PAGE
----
bibliometrix-package {bibliometrix}R Documentation

Comprehensive Science Mapping Analysis


Tool for quantitative research in scientometrics and bibliometrics. It provides various routines for importing bibliographic data from 'SCOPUS' (<>), 'Clarivate Analytics Web of Science' (<>), 'Digital Science Dimensions' (<>), 'Cochrane Library' (<>), 'Lens' (<>), and 'PubMed' (<>) databases, performing bibliometric analysis and building networks for co-citation, coupling, scientific collaboration and co-word analysis.



- Stable version from CRAN:


- Or development version from GitHub:

install.packages("devtools") devtools::install_github("massimoaria/bibliometrix")

- Load "bibliometrix"



The export file can be imported and converted by R using the function *convert2df*:

file <- ("")

M <- convert2df(file, dbsource = "wos", format = "bibtex")

*convert2df* creates a bibliographic data frame with cases corresponding to manuscripts and variables to Field Tag in the original export file. Each manuscript contains several elements, such as authors' names, title, keywords and other information. All these elements constitute the bibliographic attributes of a document, also called metadata. Data frame columns are named using the standard Clarivate Analytics WoS Field Tag codify.


The first step is to perform a descriptive analysis of the bibliographic data frame. The function *biblioAnalysis* calculates main bibliometric measures using this syntax:

results <- biblioAnalysis(M, sep = ";")

The function *biblioAnalysis* returns an object of class "bibliometrix".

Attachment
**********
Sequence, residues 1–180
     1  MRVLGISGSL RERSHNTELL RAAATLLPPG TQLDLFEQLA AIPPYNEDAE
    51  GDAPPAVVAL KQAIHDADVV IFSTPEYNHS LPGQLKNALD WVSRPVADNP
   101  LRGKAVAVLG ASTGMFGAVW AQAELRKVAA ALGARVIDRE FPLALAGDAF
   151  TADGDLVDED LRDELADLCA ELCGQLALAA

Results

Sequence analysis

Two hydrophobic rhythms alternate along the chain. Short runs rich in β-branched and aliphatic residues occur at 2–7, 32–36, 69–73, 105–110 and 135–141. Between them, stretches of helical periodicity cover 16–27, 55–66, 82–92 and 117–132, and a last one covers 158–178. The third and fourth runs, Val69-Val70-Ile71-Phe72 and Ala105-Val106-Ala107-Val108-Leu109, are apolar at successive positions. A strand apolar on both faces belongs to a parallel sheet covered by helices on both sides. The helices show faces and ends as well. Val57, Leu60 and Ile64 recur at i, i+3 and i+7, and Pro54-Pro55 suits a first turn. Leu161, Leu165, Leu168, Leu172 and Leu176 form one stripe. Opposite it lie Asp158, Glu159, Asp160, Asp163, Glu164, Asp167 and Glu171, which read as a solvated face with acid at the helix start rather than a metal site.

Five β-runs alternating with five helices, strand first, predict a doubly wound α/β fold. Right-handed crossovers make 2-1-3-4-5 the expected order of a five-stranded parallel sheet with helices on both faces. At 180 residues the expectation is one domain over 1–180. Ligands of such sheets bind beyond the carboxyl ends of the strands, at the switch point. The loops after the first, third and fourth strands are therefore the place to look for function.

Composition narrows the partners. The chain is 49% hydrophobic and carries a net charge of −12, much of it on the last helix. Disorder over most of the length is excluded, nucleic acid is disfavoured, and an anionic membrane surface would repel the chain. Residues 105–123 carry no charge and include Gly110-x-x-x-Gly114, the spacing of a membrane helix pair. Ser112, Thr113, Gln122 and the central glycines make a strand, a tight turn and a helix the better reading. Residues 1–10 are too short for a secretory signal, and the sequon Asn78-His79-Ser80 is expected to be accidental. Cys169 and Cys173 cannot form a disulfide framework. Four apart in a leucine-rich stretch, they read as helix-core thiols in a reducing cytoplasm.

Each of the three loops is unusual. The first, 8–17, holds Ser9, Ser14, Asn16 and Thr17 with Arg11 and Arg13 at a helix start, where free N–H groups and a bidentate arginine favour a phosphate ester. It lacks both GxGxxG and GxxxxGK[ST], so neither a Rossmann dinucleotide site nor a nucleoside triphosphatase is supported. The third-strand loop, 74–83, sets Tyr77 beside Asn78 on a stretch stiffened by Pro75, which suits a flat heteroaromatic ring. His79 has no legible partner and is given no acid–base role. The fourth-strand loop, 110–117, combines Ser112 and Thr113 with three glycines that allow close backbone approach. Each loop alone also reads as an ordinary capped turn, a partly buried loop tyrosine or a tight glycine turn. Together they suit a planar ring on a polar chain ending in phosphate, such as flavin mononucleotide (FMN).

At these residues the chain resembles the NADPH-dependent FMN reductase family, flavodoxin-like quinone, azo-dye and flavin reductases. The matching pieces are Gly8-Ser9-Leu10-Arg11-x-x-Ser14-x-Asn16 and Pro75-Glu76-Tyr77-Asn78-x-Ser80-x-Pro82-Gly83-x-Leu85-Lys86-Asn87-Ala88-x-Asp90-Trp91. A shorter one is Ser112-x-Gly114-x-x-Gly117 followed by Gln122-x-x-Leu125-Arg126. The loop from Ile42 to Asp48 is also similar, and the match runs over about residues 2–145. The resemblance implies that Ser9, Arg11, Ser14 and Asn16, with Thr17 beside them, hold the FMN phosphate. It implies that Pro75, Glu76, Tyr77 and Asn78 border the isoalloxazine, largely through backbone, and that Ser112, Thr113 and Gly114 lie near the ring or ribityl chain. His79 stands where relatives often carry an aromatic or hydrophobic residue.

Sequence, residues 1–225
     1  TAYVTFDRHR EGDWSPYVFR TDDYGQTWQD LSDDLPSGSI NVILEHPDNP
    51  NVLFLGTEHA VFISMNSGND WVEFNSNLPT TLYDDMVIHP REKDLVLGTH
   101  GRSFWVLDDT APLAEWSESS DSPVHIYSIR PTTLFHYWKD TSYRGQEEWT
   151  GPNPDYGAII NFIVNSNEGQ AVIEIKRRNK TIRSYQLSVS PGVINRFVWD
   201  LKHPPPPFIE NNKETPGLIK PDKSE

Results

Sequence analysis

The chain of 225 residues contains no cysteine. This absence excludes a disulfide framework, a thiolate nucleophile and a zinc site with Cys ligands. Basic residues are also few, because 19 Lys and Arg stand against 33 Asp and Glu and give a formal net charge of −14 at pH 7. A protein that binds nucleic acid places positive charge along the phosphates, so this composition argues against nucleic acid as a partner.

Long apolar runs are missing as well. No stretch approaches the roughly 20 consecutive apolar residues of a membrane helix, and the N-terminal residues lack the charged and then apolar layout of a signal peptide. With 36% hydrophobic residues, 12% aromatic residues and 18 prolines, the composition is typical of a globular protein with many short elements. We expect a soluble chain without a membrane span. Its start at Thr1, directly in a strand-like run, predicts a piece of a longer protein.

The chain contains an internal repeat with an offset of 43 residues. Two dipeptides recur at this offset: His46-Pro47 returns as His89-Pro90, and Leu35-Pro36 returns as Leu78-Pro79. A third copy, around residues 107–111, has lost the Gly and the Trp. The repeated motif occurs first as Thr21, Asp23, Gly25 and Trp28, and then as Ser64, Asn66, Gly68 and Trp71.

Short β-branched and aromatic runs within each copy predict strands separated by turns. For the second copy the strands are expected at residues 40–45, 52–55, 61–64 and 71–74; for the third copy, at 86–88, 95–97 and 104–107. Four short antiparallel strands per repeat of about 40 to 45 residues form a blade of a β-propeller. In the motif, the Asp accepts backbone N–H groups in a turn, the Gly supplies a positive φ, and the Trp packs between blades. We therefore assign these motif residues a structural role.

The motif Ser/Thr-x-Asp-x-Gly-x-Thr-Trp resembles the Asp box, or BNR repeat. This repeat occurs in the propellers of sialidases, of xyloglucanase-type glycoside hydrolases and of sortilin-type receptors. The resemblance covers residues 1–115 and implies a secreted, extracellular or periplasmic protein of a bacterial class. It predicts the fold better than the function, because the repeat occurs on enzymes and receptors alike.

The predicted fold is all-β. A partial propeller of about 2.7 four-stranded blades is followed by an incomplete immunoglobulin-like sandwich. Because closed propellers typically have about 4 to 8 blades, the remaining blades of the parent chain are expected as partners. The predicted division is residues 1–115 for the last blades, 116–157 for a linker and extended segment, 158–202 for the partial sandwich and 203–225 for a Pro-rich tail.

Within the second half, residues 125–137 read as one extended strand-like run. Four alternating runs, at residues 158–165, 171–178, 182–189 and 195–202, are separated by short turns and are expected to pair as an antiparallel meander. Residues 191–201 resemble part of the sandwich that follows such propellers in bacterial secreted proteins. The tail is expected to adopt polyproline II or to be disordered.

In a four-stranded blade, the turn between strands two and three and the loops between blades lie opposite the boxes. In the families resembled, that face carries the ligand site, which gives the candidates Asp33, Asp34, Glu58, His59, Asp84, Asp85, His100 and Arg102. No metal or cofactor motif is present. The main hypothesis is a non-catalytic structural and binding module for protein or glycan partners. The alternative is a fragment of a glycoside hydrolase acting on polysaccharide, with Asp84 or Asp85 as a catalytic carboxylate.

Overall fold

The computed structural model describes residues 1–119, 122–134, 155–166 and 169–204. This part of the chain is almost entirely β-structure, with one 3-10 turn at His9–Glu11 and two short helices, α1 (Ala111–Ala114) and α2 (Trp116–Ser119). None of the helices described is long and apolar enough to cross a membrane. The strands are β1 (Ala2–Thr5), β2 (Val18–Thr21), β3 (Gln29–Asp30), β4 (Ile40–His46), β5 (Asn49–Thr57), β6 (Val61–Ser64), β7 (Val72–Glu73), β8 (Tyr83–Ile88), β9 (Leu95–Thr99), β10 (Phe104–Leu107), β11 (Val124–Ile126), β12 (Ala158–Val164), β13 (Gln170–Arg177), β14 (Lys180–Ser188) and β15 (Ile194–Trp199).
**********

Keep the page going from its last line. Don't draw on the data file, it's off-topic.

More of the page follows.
To summarize main results of the bibliometric analysis, use the generic function *summary*. It displays main information about the bibliographic data frame and several tables, such as annual scientific production, top manuscripts per number of citations, most productive authors, most productive countries, total citation per country, most relevant sources (journals) and most relevant keywords. *summary* accepts two additional arguments. *k* is a formatting value that indicates the number of rows of each table. *pause* is a logical value (TRUE or FALSE) used to allow (or not) pause in screen scrolling. Choosing k=10 you decide to see the first 10 Authors, the first 10 sources, etc.

S <- summary(object = results, k = 10, pause = FALSE)

Some basic plots can be drawn using the generic function plot:

plot(x = results, k = 10, pause = FALSE)


Manuscript's attributes are connected to each other through the manuscript itself: author(s) to journal, keywords to publication date, etc. These connections of different attributes generate bipartite networks that can be represented as rectangular matrices (Manuscripts x Attributes). Furthermore, scientific publications regularly contain references to other scientific works. This generates a further network, namely, co-citation or coupling network. These networks are analyzed in order to capture meaningful properties of the underlying research system, and in particular to determine the influence of bibliometric units such as scholars and journals.

*biblioNetwork* function

The function *biblioNetwork* calculates, starting from a bibliographic data frame, the most frequently used networks: Coupling, Co-citation, Co-occurrences, and Collaboration. *biblioNetwork* uses two arguments to define the network to compute: - *analysis* argument can be "co-citation", "coupling", "collaboration", or "co-occurrences". - *network* argument can be "authors", "references", "sources", "countries", "universities", "keywords", "author_keywords", "titles" and "abstracts".

i.e. the following code calculates a classical co-citation network:

NetMatrix <- biblioNetwork(M, analysis = "co-citation", network = "references", sep = ";")


All bibliographic networks can be graphically visualized or modeled. Using the function *networkPlot*, you can plot a network created by *biblioNetwork* using R routines.